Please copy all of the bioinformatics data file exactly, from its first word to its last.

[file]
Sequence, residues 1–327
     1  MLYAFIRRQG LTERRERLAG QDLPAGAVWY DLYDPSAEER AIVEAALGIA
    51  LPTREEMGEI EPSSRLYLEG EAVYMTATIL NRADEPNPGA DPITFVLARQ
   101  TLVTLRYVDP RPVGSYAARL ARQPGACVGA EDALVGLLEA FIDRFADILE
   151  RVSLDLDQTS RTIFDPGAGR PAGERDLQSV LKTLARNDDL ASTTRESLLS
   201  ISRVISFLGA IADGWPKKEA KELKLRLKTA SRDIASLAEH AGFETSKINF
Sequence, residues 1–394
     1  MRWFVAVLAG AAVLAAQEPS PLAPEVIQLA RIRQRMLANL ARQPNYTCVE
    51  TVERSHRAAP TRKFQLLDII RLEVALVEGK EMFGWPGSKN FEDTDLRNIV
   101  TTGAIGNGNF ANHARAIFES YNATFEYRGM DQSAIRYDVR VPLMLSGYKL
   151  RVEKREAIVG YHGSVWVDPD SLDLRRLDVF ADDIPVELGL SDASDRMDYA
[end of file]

Sequence, residues 1–327
     1  MLYAFIRRQG LTERRERLAG QDLPAGAVWY DLYDPSAEER AIVEAALGIA
    51  LPTREEMGEI EPSSRLYLEG EAVYMTATIL NRADEPNPGA DPITFVLARQ
   101  TLVTLRYVDP RPVGSYAARL ARQPGACVGA EDALVGLLEA FIDRFADILE
   151  RVSLDLDQTS RTIFDPGAGR PAGERDLQSV LKTLARNDDL ASTTRESLLS
   201  ISRVISFLGA IADGWPKKEA KELKLRLKTA SRDIASLAEH AGFETSKINF
Sequence, residues 1–394
     1  MRWFVAVLAG AAVLAAQEPS PLAPEVIQLA RIRQRMLANL ARQPNYTCVE
    51  TVERSHRAAP TRKFQLLDII RLEVALVEGK EMFGWPGSKN FEDTDLRNIV
   101  TTGAIGNGNF ANHARAIFES YNATFEYRGM DQSAIRYDVR VPLMLSGYKL
   151  RVEKREAIVG YHGSVWVDPD SLDLRRLDVF ADDIPVELGL SDASDRMDYA